Focus

Digital Democracy

Published on

In addition to the ballot box and regular elections, and in an attempt to circumvent the desertion of so-called conventional forms of political participation, social networks (Facebook and Twitter), viral hashtags (#OccupyWallStreet in 2011, #BlackLivesMatter in 2013, #BringBackOurGirls in 2014, #JeSuisCharlie in 2015, #MeToo in 2017), and online petition platforms (civic tech) claim to encourage citizens and civil society organizations to engage on a daily basis, at all levels and with regard to any subject. These platforms gather individual support for causes put forward by other citizens, which may consist of an opinion, a warning, a condemnation, or a plea to monitor, make a demand, or take action. Although NGOs make most of their appeals via their web sites, they also have recourse to these platforms in order to make their cause known to a wider public, or as a cheaper way of raising funds. Finally, public, private and elected officials can use them to gauge public opinion on a variety of social issues, and at less cost compared with other tools such as opinion polls. The largest of these platforms are Change.org, (more than 200 million people in 196 countries, a certified B Corp social enterprise that has raised 50 million dollars) and Avaaz.org (14 languages, 47 million members, financed by its donors), both launched in 2007 in the United States; and Mesopinions.com (4 million users, launched in 2006, which also offers opinion polls). All claim to represent citizens, and to be international, independent, at the service of peoples’ democracy, and capable of influencing global political decisions (their “victories”). However, these platforms raise questions and criticisms as to the nature of civil engagement (fleeting, non-present, and strictly individual), their representativeness (bias caused by access to digital tools, which excludes many of those with the greatest need to be heard), and the protection of personal data which may need regulation (cases of algorithms determining a signatory’s possible interest in another petition proposed by the platform, or the service of sponsored petitions with targeted audience sold to NGOs).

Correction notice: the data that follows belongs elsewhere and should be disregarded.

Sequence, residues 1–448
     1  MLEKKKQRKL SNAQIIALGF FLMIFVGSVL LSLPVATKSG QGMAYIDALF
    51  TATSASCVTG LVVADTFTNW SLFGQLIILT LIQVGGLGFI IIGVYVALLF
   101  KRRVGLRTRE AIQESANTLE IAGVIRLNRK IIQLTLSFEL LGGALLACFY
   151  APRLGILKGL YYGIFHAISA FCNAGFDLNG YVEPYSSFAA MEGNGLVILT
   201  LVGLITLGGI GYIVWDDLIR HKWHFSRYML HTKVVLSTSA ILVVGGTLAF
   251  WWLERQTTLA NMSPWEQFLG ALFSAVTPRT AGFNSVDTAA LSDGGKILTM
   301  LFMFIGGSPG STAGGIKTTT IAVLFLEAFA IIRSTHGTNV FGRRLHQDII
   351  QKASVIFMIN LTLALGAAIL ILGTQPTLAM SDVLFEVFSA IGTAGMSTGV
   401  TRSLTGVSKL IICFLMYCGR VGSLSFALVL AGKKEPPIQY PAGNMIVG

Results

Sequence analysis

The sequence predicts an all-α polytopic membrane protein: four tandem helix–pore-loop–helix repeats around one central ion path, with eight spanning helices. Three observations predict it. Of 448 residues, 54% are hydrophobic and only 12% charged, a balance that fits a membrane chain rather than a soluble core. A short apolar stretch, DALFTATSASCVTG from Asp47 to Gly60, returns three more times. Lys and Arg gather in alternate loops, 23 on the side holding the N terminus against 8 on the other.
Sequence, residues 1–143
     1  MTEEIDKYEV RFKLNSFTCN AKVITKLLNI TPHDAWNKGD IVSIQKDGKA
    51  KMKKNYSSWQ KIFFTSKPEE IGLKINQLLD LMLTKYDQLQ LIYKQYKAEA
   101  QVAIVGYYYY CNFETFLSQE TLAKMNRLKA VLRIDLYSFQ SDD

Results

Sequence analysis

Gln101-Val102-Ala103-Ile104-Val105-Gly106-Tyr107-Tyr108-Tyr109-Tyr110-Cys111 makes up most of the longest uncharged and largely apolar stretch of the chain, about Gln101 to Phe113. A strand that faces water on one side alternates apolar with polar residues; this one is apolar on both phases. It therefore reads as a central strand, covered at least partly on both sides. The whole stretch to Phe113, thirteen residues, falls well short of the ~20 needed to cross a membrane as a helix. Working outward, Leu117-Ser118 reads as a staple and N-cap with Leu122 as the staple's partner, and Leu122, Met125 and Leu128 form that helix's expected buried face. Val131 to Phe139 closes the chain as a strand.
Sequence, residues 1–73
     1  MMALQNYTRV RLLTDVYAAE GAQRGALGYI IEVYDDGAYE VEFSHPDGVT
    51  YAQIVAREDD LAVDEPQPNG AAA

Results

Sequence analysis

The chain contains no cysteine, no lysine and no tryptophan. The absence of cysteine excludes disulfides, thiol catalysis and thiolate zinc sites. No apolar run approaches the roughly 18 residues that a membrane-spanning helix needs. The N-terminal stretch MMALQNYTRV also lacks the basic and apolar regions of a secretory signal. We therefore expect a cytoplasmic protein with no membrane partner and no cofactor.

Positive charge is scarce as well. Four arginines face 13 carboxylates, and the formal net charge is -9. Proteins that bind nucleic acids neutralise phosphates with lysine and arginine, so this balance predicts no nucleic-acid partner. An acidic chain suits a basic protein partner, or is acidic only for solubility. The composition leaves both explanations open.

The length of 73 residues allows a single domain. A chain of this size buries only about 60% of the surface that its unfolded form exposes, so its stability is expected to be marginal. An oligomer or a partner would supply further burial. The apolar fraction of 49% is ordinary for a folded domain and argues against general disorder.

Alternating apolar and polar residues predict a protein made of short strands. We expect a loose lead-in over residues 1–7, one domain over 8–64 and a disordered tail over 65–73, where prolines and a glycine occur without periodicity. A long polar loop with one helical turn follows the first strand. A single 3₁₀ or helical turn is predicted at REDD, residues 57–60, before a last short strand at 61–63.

Avaaz membership, 2018

Source: Avaaz, https://secure.avaaz.org

To quote this article

" Digital Democracy " World Atlas of Global Issues, 2018, [online], accessed on Mar 15 2021, URL:
https://espace-mondial-atlas.sciencespo.fr/en/topic-strategies-of-transnational-actors/focus-3F08-EN-digital-democracy.html

back to top